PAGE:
Life can be difficult enough some of the time, and when you’re young and growing up, those day-to-day interactions with others, your attitude about yourself, your relationships with people at home, at school or work, can be especially overwhelming.
It’s also a challenge for parents and carers seeing changes in their child’s behaviour or personality and not really knowing what’s going on or the best way to support their child.
We have launched the latest in a trio of websites dedicated to providing help and advice for young people, and parents, from pre-natal right through to teenage years.
The first, pre-natal up to children aged five, was launched earlier this year.
The second and third, launched this month, cover age ranges five to 12, and the teenage years, or broadly speaking the primary school years and secondary school years.
All three websites are designed by public health nursing professionals, many of whom are parents themselves, as well as other parents, carers and young people.
‘Health for Kids’ – the primary school years – includes games, videos, and quizzes. It’s split into four ‘worlds’: healthy bodies, healthy minds, health issues and getting help. It’s aimed more at the parents.
‘Health for Teens’ – the secondary school years – is for young people and their parents, and tackles the issues many teens go through as their bodies change, and they become more self-aware, while also still working out who they are.
Health for Teens has got advice about growing up, their feelings, lifestyle, relationships and sexual health. From anger management, body image, self-harm; to spots, puberty and starting a new school; to alcohol, drugs, and gambling; to friendships and good relationships; to consent, contraception and sexually transmitted infections….it’s all there.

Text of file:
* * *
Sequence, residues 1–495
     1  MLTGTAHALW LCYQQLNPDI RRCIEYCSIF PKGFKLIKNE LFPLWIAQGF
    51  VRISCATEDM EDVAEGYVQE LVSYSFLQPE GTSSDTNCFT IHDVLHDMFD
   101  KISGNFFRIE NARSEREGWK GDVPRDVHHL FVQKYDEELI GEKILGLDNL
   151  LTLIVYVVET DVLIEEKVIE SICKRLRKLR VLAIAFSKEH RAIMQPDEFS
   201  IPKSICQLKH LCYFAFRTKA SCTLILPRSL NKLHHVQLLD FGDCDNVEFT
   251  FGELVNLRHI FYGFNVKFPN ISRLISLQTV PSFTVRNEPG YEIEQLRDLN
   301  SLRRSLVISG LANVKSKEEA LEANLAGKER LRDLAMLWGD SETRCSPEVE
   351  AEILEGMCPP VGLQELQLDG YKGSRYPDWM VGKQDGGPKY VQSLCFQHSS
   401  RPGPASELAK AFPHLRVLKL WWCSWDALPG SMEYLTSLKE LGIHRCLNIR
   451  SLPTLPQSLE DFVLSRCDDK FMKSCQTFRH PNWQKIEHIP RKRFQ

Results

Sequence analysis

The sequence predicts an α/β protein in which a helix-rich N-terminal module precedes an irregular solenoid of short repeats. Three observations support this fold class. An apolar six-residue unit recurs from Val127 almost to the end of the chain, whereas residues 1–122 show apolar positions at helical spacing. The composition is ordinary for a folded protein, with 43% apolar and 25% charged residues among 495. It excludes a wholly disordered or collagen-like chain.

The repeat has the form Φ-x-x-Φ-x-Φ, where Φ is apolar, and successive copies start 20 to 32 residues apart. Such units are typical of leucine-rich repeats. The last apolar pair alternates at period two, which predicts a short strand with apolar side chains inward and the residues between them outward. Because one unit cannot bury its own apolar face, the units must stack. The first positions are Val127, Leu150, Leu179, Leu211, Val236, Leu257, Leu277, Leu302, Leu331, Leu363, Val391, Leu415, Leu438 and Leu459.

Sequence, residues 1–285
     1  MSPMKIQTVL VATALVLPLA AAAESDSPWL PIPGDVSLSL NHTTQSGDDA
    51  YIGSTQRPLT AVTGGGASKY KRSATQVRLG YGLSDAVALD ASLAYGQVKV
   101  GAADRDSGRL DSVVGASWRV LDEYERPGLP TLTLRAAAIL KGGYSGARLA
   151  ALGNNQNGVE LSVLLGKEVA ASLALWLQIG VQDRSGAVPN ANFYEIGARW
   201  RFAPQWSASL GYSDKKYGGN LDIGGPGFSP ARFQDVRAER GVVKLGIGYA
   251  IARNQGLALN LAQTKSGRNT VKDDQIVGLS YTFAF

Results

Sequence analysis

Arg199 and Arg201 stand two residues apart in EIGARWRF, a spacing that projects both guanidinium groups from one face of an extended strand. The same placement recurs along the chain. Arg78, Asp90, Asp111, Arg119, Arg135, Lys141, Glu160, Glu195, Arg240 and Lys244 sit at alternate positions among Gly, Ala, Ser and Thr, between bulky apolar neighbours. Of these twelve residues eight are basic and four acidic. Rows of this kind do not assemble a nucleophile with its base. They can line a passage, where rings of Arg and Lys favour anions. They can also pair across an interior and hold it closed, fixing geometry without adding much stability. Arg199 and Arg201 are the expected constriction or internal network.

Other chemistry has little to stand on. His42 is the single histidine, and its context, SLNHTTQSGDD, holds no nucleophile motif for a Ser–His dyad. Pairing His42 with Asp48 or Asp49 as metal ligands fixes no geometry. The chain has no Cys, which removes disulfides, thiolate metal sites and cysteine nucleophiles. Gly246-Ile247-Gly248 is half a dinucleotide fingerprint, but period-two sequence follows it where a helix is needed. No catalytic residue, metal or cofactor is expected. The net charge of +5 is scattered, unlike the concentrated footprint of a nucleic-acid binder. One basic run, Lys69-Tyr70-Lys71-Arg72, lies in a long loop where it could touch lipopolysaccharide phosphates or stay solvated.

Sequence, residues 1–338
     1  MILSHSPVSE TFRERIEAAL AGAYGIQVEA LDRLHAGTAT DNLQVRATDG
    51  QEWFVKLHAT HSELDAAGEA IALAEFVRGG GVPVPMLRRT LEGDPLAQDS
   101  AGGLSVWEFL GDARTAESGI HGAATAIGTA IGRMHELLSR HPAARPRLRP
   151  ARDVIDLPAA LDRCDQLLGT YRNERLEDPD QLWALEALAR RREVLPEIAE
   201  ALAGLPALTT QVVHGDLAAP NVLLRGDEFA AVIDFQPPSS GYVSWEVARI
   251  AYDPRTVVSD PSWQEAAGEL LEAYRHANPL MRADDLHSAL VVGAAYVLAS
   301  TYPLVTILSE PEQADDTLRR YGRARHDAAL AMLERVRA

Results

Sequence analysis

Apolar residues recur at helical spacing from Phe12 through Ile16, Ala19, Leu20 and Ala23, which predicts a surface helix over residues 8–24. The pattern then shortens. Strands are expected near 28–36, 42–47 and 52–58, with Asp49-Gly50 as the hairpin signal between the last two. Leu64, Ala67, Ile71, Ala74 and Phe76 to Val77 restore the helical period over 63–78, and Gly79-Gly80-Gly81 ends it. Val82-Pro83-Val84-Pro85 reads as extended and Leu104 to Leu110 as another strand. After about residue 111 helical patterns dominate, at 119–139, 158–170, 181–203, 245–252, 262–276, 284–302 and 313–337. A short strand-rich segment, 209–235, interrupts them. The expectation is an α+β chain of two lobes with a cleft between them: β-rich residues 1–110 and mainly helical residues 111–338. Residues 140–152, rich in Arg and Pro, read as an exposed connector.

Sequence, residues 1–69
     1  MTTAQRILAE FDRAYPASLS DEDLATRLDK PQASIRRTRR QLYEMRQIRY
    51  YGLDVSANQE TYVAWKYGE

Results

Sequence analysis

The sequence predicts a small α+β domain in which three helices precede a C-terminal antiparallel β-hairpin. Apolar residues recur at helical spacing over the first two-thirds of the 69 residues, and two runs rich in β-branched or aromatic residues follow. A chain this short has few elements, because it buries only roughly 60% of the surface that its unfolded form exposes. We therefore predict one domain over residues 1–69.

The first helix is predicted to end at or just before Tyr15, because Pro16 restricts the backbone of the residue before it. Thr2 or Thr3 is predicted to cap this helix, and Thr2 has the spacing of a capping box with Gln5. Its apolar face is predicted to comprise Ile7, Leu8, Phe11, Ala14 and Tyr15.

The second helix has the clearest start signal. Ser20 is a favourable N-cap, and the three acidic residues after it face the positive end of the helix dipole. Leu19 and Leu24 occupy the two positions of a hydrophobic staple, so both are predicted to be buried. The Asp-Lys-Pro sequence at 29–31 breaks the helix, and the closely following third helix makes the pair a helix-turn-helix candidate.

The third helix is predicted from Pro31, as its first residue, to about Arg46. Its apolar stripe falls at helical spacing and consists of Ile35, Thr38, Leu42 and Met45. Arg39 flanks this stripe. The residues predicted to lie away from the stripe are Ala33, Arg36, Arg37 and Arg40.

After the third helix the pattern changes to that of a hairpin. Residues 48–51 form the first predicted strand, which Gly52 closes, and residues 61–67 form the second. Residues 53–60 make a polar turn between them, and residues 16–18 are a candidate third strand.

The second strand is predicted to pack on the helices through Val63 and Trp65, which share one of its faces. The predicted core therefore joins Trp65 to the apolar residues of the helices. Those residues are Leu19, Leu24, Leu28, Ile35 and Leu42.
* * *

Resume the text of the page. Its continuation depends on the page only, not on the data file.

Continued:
Councillor Andrew Leadbetter, the Council’s Cabinet Member responsible for children’s services, said:
“As young people, and as parents, we do our best to make the most of life, and to make the right decisions. It’s not easy, and we do what feels right at the time.
“Together, these three websites can help. They’re written by public health nursing professionals who are talking to young people and their parents or carers and see the challenges every day.
“They’ve compiled their advice so that everyone can use it, confidentially, in their own time, in their own company or better still shared between child and parent.
“We’d also like to invite people to send articles they’ve written with helpful advice and pointers that will resonate with this age group, and parents and carers, for possible inclusion on the websites. And to send us details of local events that would be relevant for children and teens, or their parents and carers.”
The sites welcome any additions from local residents. If you have any content, articles or local events you would like to submit for consideration please email: firstname.lastname@example.org